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So I'm editing a video with someone jumping really high, and I've masked them out, animated them, and it looks fine, except for the motion blur. The person I've masked out is way too crisp! Masked out Is there any way to use Blender's motion blur settings with the vse editor? I really don't want to use the blur effect, as it really doesn't provide the best results

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Non linear editors are generally not used for compositing for a number of reasons. NLEs have very thin margins for performance, while compositing may require hundreds to thousands of operations to craft a desired output. In industrial imaging, these two processes are isolated and divided for this very reason.

While you might not be doing post production on a feature length film, there is much to be gained by following the patterns that such projects follow.

  1. Cut your project into the shots and timing you require using an NLE. Once you are happy with the pacing and the edit, your edit is "Picture Locked." You now know precisely which frames you are going to be performing deeper surgery on and what elements you require.
  2. Take your work into the compositor and perform the surgery. You gain the added quality of compositing on 32 bit float imagery as well as avoiding other not-so-obvious compositing problems such as nonlinear color blending. Specifically regarding your work, you can find various tools to help you regarding motion blurring. See Motion Blur option in the mask node.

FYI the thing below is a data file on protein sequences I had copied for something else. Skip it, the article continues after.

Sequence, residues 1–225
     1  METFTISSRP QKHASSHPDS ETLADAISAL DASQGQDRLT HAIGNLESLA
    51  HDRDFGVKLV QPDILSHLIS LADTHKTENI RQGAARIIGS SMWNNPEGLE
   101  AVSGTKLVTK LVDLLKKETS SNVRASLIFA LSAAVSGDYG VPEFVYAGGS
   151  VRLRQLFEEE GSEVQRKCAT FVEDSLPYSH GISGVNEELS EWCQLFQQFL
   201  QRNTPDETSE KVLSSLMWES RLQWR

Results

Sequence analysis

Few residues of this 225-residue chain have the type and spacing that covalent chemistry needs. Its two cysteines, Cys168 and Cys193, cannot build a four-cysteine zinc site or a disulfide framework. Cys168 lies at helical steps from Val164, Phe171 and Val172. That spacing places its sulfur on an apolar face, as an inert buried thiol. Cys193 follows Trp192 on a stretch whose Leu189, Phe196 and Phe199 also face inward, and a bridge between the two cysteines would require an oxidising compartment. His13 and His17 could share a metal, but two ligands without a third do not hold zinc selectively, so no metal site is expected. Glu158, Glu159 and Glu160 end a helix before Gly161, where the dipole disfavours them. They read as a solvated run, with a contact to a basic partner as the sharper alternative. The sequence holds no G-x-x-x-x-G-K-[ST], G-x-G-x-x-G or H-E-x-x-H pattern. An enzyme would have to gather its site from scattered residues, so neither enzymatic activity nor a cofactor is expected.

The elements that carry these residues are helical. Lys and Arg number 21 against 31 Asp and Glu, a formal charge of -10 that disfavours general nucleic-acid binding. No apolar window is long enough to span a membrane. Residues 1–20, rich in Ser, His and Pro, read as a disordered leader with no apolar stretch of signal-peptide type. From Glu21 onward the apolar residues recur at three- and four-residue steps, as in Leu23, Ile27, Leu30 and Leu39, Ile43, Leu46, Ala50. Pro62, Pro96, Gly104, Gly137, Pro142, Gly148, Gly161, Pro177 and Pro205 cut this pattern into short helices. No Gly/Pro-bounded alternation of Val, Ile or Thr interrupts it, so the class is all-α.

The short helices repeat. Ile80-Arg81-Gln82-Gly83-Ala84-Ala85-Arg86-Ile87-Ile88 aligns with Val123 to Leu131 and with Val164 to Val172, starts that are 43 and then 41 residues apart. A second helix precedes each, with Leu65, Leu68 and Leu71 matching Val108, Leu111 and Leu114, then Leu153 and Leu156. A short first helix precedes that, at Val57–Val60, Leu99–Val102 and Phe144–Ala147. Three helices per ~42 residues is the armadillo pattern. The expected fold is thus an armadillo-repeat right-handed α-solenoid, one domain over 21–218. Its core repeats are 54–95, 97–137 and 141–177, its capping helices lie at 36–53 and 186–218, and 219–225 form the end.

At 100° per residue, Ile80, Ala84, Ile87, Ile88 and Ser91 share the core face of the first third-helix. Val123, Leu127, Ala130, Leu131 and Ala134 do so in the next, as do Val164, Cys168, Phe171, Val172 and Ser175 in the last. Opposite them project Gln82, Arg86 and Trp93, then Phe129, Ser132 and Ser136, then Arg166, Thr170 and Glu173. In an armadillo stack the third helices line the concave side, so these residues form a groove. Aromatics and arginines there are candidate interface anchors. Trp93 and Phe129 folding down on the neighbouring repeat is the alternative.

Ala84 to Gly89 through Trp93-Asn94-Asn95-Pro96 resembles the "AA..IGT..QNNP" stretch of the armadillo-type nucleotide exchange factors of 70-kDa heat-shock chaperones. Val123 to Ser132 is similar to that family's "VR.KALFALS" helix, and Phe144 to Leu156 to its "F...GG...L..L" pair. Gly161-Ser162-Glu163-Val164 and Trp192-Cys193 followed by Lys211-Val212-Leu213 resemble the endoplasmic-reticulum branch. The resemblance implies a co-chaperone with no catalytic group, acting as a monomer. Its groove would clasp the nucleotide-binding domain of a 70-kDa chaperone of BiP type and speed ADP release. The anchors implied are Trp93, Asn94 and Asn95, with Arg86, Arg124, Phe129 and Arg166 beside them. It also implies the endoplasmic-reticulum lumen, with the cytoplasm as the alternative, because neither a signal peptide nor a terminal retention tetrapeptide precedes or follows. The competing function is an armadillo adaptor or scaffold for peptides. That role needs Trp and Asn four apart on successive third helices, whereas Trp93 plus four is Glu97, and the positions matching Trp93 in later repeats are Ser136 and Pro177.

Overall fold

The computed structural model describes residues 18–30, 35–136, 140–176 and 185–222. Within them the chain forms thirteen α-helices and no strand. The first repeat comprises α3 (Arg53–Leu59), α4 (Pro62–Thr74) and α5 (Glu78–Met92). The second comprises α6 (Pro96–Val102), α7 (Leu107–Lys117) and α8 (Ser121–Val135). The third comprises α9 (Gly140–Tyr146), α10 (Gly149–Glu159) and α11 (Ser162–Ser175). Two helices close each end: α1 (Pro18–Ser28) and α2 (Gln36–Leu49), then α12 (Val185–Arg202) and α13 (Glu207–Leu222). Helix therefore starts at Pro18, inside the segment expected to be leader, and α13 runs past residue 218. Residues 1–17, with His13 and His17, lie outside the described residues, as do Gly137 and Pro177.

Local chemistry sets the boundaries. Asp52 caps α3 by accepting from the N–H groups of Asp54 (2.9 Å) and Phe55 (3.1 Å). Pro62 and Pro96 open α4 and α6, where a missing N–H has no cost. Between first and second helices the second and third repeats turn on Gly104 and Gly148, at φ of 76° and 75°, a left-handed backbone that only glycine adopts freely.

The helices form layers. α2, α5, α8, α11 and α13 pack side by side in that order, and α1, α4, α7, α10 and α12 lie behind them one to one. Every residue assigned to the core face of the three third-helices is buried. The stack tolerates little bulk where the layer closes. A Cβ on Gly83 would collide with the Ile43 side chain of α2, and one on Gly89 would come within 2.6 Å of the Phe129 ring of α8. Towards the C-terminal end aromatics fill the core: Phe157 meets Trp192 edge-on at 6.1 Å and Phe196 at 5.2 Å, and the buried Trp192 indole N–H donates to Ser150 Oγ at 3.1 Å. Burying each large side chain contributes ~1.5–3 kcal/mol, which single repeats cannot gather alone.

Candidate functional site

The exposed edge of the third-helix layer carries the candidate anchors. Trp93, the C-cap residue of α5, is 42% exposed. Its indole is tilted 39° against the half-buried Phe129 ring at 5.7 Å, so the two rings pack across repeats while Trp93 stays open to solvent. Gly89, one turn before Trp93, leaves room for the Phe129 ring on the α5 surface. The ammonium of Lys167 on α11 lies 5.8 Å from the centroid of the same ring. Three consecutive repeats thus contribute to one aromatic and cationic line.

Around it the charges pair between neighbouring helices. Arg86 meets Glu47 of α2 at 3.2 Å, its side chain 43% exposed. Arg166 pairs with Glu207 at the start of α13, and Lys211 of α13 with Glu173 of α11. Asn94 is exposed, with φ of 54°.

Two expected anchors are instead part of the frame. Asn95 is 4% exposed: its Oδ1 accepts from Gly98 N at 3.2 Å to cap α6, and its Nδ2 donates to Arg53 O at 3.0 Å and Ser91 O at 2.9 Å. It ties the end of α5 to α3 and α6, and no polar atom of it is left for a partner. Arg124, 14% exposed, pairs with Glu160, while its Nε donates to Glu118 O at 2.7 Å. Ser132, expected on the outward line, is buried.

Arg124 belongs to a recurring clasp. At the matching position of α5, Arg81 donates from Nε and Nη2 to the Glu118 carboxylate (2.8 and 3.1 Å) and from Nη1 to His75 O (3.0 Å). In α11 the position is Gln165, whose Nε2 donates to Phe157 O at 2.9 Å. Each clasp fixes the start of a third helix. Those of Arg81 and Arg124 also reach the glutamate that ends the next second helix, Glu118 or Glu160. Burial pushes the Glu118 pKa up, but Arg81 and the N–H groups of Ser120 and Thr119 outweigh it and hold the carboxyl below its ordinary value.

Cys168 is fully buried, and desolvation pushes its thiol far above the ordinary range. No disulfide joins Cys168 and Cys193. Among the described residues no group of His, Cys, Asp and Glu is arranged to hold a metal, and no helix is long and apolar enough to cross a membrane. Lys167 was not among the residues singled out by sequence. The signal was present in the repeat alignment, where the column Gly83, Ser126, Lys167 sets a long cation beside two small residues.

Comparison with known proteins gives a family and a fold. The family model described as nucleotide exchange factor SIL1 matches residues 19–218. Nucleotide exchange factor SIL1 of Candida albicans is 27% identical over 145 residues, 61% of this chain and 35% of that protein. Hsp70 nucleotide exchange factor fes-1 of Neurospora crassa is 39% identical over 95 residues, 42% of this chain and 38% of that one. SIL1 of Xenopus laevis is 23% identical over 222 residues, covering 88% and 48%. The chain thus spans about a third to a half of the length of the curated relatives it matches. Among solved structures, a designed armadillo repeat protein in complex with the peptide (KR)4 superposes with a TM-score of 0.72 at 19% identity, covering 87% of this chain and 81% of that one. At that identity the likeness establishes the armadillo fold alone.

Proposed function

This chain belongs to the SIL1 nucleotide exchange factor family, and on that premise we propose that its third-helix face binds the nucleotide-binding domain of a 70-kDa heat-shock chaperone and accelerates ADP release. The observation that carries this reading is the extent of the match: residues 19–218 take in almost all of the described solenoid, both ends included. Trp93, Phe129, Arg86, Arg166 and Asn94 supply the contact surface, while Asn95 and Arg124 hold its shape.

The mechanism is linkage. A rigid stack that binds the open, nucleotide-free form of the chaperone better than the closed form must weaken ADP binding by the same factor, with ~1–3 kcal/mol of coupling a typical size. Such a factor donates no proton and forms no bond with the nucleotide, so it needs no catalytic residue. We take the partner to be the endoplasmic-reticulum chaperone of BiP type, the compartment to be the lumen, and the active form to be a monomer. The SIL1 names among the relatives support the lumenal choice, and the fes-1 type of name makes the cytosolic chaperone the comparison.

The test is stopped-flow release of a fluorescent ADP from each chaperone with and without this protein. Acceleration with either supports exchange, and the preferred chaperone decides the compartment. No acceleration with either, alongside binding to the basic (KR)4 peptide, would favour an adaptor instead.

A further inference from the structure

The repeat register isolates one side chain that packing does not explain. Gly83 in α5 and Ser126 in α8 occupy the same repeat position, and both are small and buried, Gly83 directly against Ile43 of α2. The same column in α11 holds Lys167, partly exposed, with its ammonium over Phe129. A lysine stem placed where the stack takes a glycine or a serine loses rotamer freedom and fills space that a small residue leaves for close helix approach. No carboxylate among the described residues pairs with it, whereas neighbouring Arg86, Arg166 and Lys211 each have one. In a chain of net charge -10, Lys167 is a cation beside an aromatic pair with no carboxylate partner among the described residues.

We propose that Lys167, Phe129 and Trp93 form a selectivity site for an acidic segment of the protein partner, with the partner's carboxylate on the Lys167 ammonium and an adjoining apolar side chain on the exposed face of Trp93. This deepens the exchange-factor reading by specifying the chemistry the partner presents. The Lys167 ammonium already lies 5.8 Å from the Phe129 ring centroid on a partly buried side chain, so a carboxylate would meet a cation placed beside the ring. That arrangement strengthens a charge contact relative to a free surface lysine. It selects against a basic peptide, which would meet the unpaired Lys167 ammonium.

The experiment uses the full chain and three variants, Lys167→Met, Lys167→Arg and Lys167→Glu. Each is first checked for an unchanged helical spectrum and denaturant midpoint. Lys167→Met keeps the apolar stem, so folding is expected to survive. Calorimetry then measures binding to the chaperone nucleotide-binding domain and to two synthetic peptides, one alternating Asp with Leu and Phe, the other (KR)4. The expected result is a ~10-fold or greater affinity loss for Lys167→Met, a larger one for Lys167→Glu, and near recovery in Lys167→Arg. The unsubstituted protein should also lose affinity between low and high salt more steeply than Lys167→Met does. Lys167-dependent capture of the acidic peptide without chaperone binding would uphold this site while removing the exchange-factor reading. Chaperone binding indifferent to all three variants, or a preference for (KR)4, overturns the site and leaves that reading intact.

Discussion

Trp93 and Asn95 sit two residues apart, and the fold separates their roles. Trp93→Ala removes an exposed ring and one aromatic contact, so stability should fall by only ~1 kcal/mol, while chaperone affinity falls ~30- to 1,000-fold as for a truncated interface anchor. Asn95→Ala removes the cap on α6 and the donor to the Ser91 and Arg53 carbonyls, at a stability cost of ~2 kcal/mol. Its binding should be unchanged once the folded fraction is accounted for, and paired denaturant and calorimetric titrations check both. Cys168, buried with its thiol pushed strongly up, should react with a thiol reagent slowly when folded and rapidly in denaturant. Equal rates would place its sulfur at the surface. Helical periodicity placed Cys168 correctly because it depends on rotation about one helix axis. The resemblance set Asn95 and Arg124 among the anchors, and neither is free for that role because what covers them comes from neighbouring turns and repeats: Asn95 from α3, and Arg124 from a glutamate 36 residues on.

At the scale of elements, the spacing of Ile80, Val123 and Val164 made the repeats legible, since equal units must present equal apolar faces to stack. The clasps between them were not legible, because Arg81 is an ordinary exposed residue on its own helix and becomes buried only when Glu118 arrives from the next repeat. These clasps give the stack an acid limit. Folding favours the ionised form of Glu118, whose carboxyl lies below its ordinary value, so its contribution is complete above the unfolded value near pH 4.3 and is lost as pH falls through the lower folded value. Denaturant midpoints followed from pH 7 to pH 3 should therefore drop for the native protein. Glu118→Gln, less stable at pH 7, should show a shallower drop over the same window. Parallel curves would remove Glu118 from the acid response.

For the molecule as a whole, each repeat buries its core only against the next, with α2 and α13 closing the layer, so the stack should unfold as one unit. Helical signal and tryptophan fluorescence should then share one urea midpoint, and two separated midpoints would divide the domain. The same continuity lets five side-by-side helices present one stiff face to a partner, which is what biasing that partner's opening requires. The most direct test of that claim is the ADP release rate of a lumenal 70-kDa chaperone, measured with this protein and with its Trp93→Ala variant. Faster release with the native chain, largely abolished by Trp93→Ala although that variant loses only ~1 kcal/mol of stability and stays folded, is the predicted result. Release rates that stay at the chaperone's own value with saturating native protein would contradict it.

3. Repeat for each shot required. At the end of the process, output your still frames and encode to a final motion picture format if needed.
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  • $\begingroup$ Wow, thats really quite amazing! I am definetly going to try this workflow out. Thanks for the great support! $\endgroup$ – DragonHeart May 21 '15 at 14:26
  • $\begingroup$ @DragonHeart While alien at first, an offline to online process will almost certainly elevate your work. It forces you to focus on particular regions of production at the proper moments. Editing during editing. Effects during effects. Grading during grading. Etc. By allocating time and energy to discrete phases, you waste less time twiddling elements that have no place. As no surprise, this pipeline has been used for nearly a century of motion picture imaging. $\endgroup$ – troy_s May 21 '15 at 19:30

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